Secret routes and safe houses.
Between 1830 and the end of the Civil War in 1865, an estimated 100,000 slaves chose to embark on a journey in search of freedom along the Underground Railroad - a network of secret routes and safe houses established in the United States during the early to mid-19th century, and used by enslaved African-Americans to primarily escape into free states and Canada.
Photographer Jeanine Michna-Bales has spent more than a decade meticulously researching “fugitive” slaves and the ways they escaped to freedom.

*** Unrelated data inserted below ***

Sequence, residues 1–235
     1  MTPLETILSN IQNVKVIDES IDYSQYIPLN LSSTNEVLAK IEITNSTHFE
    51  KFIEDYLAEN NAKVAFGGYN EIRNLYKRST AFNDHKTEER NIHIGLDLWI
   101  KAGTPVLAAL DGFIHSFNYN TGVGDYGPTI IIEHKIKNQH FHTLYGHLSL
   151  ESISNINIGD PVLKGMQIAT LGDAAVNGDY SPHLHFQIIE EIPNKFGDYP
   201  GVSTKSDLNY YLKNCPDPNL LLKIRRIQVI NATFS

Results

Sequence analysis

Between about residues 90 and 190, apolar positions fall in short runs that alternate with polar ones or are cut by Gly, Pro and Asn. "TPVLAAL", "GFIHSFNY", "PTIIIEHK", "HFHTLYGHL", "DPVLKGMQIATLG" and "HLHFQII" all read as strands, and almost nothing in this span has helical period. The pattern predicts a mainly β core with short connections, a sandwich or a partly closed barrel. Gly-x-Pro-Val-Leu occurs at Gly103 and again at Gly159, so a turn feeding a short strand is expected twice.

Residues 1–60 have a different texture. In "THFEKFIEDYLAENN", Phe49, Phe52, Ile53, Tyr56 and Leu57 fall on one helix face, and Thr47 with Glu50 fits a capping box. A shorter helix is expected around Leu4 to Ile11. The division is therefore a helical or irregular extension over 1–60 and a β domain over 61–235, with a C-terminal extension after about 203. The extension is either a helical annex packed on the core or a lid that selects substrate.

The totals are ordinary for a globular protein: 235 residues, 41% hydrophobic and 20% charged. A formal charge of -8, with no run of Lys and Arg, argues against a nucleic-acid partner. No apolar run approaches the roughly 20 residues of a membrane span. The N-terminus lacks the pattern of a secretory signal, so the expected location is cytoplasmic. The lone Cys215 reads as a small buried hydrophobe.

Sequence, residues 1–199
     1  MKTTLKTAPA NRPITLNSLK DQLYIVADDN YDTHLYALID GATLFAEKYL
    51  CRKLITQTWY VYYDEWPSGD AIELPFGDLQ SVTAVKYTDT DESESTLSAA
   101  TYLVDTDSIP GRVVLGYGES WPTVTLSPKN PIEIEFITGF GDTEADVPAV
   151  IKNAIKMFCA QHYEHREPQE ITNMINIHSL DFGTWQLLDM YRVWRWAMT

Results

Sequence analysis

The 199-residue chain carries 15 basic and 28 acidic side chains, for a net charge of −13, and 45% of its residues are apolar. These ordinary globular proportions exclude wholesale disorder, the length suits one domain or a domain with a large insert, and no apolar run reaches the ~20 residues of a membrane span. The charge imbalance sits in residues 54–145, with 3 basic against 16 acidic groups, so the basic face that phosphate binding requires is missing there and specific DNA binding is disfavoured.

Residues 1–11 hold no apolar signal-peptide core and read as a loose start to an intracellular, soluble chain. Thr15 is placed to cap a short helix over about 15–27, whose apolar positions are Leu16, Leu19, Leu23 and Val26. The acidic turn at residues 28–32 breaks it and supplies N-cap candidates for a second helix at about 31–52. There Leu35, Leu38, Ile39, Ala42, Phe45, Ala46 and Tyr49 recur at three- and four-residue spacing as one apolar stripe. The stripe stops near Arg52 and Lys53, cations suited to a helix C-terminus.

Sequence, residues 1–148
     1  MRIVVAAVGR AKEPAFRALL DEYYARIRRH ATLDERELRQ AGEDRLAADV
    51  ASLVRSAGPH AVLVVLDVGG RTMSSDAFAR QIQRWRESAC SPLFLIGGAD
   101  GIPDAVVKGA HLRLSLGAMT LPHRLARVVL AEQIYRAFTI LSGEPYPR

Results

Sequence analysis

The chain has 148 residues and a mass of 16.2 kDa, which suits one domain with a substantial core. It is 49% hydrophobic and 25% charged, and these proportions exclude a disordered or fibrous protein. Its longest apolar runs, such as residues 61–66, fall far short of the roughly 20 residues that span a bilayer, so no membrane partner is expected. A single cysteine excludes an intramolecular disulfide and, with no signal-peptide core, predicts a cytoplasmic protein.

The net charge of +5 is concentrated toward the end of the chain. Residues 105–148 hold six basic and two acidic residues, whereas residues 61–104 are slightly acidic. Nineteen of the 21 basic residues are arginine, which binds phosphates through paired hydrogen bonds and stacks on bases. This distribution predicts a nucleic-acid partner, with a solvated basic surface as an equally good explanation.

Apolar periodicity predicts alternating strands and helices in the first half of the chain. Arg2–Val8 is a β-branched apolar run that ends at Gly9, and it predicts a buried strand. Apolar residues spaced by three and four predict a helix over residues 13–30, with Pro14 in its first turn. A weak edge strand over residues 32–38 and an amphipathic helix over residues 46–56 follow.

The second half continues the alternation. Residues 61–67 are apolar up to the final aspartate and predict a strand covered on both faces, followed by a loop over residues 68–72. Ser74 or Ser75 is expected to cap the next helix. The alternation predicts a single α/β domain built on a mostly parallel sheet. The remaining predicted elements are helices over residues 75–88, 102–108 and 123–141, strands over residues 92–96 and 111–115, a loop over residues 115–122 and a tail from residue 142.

Follow the journey of freedom-seekers.
While the unnumbered routes of the Underground Railroad encompassed countless square miles, the path Michna-Bales documented encompasses roughly 2,000 miles and is based off of actual sites, cities, and places that freedom-seekers passed through during their journey.
This exhibit features beautifully dramatic color photographs, ephemera, and narratives that together tell the story of the Underground Railroad.